NORTH West Leicestershire MP Andrew Bridgen has admitted he was surprised by how quickly his fellow politicians queued up to back his campaign to decriminalise non-payment of the TV licence.
He said he was proud that he had been able to withstand ‘the might BBC’ and its warnings that it could have to close local radio stations and children’s favourite CBeebies.
The plan looks set to become law next summer after MPs decided the Government should be allowed to vote on the issue.
Following the decision, Mr Bridgen said: “I did not expect that in three weeks and with the support of 150 backbench colleagues, it would have led to not only the Government adopting it as policy but also achieving cross-party support.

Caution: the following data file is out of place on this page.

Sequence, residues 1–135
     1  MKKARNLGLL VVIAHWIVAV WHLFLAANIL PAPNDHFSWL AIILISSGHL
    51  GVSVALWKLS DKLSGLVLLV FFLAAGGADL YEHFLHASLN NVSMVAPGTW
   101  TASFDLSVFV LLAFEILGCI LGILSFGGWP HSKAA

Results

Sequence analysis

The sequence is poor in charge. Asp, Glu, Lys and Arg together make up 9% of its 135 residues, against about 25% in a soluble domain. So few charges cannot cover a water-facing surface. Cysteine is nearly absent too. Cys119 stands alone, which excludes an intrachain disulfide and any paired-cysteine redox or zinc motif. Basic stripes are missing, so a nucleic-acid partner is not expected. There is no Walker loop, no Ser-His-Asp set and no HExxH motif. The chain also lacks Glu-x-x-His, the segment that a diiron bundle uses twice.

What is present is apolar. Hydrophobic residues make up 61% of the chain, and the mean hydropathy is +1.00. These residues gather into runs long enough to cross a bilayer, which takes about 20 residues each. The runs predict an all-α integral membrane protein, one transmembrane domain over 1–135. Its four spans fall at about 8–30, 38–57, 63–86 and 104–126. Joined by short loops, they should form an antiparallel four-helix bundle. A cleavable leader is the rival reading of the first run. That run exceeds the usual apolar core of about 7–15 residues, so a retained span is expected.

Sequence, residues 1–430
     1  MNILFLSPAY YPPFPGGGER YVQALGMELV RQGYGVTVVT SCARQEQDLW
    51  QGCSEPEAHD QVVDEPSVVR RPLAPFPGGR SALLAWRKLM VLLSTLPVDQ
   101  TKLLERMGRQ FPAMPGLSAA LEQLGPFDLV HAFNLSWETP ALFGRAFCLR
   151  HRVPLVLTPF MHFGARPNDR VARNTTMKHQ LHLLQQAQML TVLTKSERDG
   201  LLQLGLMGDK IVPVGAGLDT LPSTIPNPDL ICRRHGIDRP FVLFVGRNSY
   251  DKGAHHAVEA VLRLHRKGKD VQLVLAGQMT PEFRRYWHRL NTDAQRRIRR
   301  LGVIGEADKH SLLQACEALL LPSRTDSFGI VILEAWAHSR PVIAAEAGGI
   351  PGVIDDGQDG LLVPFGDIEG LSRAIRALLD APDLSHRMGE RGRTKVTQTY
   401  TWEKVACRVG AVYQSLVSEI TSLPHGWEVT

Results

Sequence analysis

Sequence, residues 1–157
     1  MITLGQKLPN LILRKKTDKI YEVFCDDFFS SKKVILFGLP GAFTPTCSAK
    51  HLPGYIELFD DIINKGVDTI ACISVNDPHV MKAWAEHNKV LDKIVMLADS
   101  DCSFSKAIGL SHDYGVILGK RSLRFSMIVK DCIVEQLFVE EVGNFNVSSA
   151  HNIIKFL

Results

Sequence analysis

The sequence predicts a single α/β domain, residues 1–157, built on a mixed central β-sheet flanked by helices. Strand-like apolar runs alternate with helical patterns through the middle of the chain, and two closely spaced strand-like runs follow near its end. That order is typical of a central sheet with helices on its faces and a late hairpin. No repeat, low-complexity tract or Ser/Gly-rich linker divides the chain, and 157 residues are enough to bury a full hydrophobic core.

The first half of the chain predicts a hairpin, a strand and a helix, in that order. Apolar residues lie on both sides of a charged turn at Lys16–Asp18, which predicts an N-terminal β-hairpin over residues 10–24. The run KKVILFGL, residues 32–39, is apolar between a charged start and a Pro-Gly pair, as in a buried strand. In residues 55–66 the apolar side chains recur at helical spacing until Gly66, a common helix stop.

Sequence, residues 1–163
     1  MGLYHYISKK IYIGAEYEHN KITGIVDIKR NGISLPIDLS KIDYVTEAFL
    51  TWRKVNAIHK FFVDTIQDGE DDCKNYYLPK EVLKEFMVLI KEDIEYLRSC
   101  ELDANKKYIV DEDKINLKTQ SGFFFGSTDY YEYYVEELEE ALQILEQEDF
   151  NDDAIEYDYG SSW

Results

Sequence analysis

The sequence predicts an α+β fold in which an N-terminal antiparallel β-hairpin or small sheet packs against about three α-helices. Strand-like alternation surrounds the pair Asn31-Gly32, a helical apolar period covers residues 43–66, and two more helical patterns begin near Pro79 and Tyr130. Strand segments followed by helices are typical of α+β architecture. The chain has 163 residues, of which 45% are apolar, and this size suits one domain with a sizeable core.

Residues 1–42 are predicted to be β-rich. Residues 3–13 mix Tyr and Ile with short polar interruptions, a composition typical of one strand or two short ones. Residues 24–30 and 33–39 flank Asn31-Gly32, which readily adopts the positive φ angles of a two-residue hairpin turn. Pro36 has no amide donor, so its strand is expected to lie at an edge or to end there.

“However, when an argument is right, even the BBC can be forced to back down and accept that criminalising and imprisoning people in this manner is not a sustainable option going forward.”
The corporation has argued the current policy ensures the majority of people pay the fee, but Mr Bridgen said that it is the poor and single mothers that invariably are prosecuted.
He added: “I am proud that my campaign has resulted in a path to decriminalisation so this blot on our statute book can be permanently removed.”